The Library

Sexuality 101

3 Min Read
Sexuality 101

 When it comes to sexual identity, heterosexuality is often considered to be the “norm.” A study published by The Journal of Social Issues in 2000 found that there are four main reasons for this: school, peers, media, and parental influence. These influences are intertwined and often send the message that deviating from the supposed “norm” is innately wrong.


Unfortunately, sex education — the one space where there should be a break in this system — happens to be one of the biggest enforcers of the status quo. Most sex education classes focus on sex that involves inserting a penis into a vagina. Sexual education curriculums that don’t outwardly shame LGBTQ+ people are few and far between, and the indifference towards holistic and affirming education can make tapping into your sexuality difficult. 


Ultimately, inclusivity is crucial. Your sexual curiosity and identity are not only ok but completely normal. And while no one is born with the inability to embrace a spectrum of sexual orientations, society can really try to teach bigotry and intolerance. Supporting proper sex education that aims to be inclusive and informative can help everyone break down these barriers and promote acceptance and equality.


Terms To Be Familiar With:

Gay: A sexual and/or romantic attraction to the same gender, typically referring to men


Lesbian: A sexual and/or romantic attraction to the same gender, specifically referring to women


Heterosexual: A sexual and/or romantic attraction to the opposite gender


Bisexual: A sexual and/or romantic attraction to two or more genders


Bicurious: Questioning sexuality and exploring the options of either gender


Queer: An all-encompassing term for sexual/gender minorities. Some people consider it to be a derogatory term, but others have reclaimed it in recent years


Pansexual: A sexual and/or romantic attraction to people of all genders


Asexual: Not sexually attracted to any gender


Aromantic: People who do not experience romantic feelings towards anyone


Skoliosexual: An attraction to non-binary or gender-fluid people


Transgender: When someone’s gender does not align with the sex they were assigned at birth


Cisgender: When someone’s gender does align with the sex they were assigned at birth


LGBTQ+: Lesbian, Gay, Bisexual, Transgender, and Queer. The plus sign is used to include other groups that don’t identify as LGBTQ, such as asexual people and two-spirit people.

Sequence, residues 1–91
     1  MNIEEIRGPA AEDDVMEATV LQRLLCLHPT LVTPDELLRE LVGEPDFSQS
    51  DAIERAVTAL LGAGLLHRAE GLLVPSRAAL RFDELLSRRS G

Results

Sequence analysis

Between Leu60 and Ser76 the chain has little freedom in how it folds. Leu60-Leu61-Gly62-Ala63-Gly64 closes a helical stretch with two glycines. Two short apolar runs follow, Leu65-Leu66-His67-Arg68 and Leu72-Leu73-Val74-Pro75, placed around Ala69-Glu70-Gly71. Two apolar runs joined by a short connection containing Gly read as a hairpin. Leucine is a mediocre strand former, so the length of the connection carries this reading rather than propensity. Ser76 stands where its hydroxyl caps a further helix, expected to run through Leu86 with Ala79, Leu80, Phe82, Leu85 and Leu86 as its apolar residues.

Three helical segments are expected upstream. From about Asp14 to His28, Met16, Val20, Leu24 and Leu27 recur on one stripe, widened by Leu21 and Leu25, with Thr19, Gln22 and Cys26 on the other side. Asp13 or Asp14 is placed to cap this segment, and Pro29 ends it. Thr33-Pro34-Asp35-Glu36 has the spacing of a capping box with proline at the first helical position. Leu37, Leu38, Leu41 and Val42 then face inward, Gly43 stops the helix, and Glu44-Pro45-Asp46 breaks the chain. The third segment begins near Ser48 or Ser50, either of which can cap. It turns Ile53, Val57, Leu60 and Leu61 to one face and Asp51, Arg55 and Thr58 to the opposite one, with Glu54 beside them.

An Important Note on Bisexuality.

There are plenty of stigmas and stereotypes surrounding LGBTQ+ identities, and that goes double for bisexuality. A lot of people erroneously think that bisexuality is a transition period, or a sort of self-denial — and unfortunately, this biphobia runs rampant.  

Sexuality can evolve over the course of someone’s life, too. In 2008, a research group conducted a 10-year study by interviewing 80 participants every two years about their current relationship status and identities (2). The participants were young women who identified as unlabeled, lesbian, or bisexual. The interviewers had them rate their level of both emotional and sexual attraction towards women at each meeting. By the end of the study, over two-thirds identified themselves as “unlabeled” rather than lesbian, heterosexual, or bisexual. This is significant because while there is still more to learn, it does help illuminate the ways in which people’s sexual identities can shape over time – and that bisexuality is its own concrete identity group.

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1. Brabaw, Kasandra. “Allosexual, Demisexual, Bicurious-& Other Sexualities You Need To Know.” Sexuality List Of Sexual Orientation Types, Definitions,

2. Diamond, L. M. (2008). Female Bisexuality From Adolescence to Adulthood: Results From a 10-Year Longitudinal Study. Developmental Psychology, 44(1), 5–14.

3. Hyde, J. S., & Jaffee, S. R. (2000). Becoming a heterosexual adult: The experiences of young women. Journal of Social Issues, 56(2), 283–296